taking his name should also take that stand.

With its predictions of a negotiated settlement leaving the Qaddafi
regime largely intact, NATO boots on the ground and a puppet government
controlled by Washington, all proven wrong by history, one might hope
that a historical materialist would get busy examining the basic
assumptions that led to these counter-revolutionary conclusions.

To have at precisely the moment when the revolutionary forces are
engaged in desperate battle and need all to rally to their cause and
have heart, have faith in their eventual victory, to at that moment
incorrectly predict failure and defeat, to so publicly underestimate the
strength of the revolutionary forces and the revolutionary possibilities
of the situation has to be ranked as a first rate failure for a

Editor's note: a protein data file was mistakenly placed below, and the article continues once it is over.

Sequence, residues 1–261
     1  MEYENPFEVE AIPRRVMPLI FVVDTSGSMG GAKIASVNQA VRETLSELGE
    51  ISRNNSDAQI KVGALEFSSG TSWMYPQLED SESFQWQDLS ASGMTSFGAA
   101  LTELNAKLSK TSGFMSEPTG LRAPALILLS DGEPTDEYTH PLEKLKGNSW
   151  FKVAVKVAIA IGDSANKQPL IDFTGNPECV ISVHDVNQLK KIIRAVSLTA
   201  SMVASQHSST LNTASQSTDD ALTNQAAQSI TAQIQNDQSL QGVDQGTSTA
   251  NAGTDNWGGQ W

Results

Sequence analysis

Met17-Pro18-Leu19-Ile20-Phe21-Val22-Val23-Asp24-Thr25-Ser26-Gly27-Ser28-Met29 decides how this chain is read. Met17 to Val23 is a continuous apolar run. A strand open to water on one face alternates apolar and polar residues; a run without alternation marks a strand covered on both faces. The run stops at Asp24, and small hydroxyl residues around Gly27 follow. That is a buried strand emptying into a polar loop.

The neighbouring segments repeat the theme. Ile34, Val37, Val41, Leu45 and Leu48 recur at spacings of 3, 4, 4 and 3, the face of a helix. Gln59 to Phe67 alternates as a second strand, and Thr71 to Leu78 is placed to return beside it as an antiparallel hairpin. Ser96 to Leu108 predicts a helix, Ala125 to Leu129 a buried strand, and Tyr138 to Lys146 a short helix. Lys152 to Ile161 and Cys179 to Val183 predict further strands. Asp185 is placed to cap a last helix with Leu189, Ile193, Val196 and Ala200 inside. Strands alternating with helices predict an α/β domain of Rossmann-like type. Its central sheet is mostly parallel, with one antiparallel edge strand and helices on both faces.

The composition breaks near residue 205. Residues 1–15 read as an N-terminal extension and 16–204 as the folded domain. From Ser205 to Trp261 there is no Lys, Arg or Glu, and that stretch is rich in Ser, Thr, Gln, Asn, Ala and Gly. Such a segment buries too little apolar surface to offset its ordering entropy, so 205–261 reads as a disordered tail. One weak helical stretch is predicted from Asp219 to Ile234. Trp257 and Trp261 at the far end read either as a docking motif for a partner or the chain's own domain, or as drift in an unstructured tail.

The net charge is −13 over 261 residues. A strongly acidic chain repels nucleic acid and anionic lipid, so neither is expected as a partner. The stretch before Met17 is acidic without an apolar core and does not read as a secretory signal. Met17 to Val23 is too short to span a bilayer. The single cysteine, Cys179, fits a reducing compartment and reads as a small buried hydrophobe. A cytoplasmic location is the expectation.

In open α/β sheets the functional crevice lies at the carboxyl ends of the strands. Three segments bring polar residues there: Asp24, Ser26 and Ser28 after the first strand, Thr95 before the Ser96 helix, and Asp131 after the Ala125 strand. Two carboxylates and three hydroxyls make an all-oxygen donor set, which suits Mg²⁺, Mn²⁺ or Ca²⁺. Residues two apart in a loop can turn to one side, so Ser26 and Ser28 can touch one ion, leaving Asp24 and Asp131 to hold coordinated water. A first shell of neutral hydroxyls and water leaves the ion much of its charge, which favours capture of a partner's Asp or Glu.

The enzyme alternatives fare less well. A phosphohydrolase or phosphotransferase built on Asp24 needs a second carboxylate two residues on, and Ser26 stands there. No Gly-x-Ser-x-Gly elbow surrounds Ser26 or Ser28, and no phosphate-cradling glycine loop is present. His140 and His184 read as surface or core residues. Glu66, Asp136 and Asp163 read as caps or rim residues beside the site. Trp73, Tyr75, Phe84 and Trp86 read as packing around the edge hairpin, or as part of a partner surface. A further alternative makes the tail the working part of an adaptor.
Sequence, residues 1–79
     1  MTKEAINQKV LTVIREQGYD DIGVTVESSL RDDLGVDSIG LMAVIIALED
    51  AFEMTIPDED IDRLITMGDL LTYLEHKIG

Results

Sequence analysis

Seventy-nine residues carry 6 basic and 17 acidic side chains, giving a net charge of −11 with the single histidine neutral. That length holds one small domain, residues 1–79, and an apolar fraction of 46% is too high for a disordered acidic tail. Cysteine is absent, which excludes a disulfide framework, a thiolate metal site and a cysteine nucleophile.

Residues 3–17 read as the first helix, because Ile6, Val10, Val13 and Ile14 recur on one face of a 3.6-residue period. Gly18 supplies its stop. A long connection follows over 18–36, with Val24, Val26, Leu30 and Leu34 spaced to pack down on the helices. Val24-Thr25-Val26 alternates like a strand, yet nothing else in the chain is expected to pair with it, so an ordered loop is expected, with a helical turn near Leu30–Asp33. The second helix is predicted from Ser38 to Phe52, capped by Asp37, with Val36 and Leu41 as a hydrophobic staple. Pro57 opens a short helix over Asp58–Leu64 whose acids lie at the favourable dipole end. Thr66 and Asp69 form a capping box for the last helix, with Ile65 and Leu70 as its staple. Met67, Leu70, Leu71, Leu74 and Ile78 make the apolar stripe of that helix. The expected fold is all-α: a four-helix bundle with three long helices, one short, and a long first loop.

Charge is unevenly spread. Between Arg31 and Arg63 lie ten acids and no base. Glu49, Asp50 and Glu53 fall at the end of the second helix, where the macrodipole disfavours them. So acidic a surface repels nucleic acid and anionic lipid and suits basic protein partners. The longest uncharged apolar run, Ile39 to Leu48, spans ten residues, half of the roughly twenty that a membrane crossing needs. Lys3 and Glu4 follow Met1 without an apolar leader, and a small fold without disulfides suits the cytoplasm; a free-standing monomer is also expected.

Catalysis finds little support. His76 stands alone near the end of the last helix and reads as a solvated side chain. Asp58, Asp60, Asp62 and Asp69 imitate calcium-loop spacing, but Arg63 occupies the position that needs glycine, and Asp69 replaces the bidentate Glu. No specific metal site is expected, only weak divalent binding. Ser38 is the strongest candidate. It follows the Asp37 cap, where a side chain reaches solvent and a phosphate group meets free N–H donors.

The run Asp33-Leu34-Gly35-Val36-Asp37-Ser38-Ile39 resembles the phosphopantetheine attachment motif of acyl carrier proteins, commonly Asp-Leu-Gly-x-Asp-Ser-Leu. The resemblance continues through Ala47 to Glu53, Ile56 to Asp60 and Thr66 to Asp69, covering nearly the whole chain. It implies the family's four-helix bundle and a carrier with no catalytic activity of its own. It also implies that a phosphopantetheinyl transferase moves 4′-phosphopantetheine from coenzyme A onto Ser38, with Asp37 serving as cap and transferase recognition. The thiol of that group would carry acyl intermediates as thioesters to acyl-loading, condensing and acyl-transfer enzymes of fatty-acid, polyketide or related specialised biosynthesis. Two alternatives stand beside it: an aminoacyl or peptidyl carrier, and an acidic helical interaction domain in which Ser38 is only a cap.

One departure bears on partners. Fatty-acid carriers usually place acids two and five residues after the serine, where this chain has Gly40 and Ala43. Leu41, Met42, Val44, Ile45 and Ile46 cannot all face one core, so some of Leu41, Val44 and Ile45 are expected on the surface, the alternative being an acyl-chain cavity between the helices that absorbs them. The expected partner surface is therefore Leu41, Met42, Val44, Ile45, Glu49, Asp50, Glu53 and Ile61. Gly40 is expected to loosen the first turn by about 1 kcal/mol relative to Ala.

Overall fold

Leninist. Such a failure should be the subject of serious examination.
Not so with LT, instead it calls for
an outcome congruent with its initial vision, it calls for a US
occupation of Libya:

    Now Nato has to deal with its own success. International assistance,
    probably including an international force, is likely to be needed
    for some time to help restore and maintain order. The size and
    composition of the force will depend on what is requested and
    welcomed by the Libyan National Transitional Council and what is
    required by the situation on the ground. President Barack Obama may
    need to reconsider his assertion that there would not be any
    American boots on the ground; leadership is hard to assert without a